Sunday, January 19, 2014

Carpe Diem's "Little Ones" #9, American Sentence (also 17 syllables)


Dear Haijin, visitors and travelers,

I am a bit late with this new episode of our Little Ones feature, the feature in which I challenge you to think "out of the haiku-box" by writing other short poems as for example 'cinquain', 'villanelle' or 'tanka'.
This episode is inspired on the posts by Bjorn Rudberg of Bjorn Rudberg's Writings for this month's Carpe Diem in which we are on a journey straight through the (former) Soviet Union. He writes an every day haibun followed by a so called "American Sentence". I had never heard about that poetry form, but as I read the first posts by Bjorn ... I started to like those "American Sentences" ... that's the reason why I have chosen for this theme for this episode of our special feature "Little Ones".

Let me tell you something more about this so called "American Sentences".
Bjorn Rudberg recently introduced me to American Sentences, a poetic form developed by Allen Ginsberg in the mid-1980′s as a response to the haiku.  If haiku involved seventeen syllables down the page, he reasoned, American Sentences would be seventeen syllables across the page–an attempt to more accurately “Americanize” a form that had previously translated only roughly across the Pacific into the context of American poetry.

Like (rough) English approximations of the haiku, American Sentences work closely with concision of line and sharpness of detail.  Unlike its literary predecessor, however, it is compressed into a single line of poetry and included a reference to a month and year (or alternatively, a location) rather than a season.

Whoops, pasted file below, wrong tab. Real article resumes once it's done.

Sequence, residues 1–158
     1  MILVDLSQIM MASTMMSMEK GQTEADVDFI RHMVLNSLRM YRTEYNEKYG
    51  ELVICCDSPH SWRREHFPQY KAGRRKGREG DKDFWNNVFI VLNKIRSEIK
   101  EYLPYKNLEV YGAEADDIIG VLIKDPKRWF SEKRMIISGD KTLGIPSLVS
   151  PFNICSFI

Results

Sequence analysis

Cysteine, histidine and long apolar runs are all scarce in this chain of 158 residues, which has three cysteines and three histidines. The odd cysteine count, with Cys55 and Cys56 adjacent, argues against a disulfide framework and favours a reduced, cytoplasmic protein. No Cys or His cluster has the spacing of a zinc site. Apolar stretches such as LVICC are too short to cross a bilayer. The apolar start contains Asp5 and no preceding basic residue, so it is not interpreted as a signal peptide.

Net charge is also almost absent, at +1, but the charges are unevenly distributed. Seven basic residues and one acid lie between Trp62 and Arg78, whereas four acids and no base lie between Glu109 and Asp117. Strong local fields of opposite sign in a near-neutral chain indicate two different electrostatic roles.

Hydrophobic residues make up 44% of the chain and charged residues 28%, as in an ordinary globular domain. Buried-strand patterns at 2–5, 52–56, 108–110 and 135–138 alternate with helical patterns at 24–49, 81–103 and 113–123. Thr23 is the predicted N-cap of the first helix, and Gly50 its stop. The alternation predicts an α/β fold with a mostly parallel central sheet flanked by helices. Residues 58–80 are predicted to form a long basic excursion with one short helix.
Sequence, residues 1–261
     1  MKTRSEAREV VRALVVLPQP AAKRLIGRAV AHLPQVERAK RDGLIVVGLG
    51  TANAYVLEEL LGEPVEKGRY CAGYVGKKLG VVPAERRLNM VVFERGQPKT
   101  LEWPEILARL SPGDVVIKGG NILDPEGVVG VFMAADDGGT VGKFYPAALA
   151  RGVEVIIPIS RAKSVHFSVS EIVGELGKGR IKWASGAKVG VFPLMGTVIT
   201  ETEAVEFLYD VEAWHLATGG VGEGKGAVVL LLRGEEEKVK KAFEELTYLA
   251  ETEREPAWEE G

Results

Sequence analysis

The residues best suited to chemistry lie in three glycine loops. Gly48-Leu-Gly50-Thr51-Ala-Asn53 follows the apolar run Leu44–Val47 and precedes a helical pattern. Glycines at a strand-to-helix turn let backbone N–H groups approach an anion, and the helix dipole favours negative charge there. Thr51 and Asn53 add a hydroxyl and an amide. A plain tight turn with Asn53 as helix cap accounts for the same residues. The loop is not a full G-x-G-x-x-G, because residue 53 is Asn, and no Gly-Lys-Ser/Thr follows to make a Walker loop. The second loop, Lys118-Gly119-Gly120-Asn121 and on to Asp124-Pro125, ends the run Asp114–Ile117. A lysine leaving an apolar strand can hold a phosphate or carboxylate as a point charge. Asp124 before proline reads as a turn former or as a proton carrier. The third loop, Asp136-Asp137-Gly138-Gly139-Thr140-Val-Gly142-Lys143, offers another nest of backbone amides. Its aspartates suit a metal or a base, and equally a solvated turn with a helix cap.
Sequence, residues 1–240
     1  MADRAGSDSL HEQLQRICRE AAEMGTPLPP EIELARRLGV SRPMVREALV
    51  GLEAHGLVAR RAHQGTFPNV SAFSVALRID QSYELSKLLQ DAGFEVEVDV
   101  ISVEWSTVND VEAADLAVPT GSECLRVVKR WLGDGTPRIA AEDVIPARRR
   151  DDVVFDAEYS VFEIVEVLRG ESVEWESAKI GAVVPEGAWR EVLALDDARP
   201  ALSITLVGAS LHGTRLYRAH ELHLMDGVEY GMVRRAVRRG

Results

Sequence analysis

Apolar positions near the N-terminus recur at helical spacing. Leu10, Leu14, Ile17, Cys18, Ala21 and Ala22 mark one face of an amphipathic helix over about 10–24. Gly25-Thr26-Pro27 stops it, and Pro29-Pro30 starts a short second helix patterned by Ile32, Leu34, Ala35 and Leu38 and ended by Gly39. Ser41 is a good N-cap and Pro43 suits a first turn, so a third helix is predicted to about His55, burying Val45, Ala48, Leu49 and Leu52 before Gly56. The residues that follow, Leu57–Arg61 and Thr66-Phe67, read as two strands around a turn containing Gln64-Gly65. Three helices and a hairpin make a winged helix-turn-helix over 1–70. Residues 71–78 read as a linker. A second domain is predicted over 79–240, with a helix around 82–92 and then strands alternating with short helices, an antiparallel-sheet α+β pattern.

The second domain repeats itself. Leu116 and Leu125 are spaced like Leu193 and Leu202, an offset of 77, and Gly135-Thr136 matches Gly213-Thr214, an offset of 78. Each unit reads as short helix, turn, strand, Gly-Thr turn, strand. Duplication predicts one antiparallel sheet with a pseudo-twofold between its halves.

An few examples by Allen Ginsberg:
Four skinheads stand in the streetlight rain chatting under an umbrella.
Or this one:
Put my tie on in a taxi, short of breath, rushing to meditate

And what to think of this example written by Bjorn Rudberg for the Irkutsk prompt at our Carpe Diem Haiku Kai weblog:
The wonders of a city threatens, as its viewed from a compartment
I think this isn't an easy poetry form, but they say "if you can write haiku, than you can write an American Sentence too". Well ... we will see ...

Here is my attempt, I have chosen to use a old haiku of myself to write this first American Sentence ever.
This the haiku which I used:

such a hot day
my shadow needs  to cool down
under the willow
I 'revised' this one into a American Sentence by changing it a little bit:
Such a bloody hot day, my shadow needs to cool down under the willow
This isn't a great one I know, but I am looking forward to your inspired American Sentence. I think this is a poetry-form which will not become my 'cup-of-tea', but ... you never know ...
This episode of Carpe Diem's "Little Ones", is NOW OPEN for your submissions and will stay open until February 3th 11.59 AM (CET) and I will try to post our new episode of "Little Ones" that same day.


  1. Very, very difficult. Well done. I don't know how Bjorn does them!

  2. Tricky. Nature seems to have morphed to an urban environment and the person is more present. They seem to be more like senryu...

  3. Hi.. I will put one out here shortly.. I think the important thing I bring from haiku is to capture a scene. Also the element of juxtaposition (often without a cutting word) to get an element of surprise is what I do... and yes sometimes a level of grittiness helps..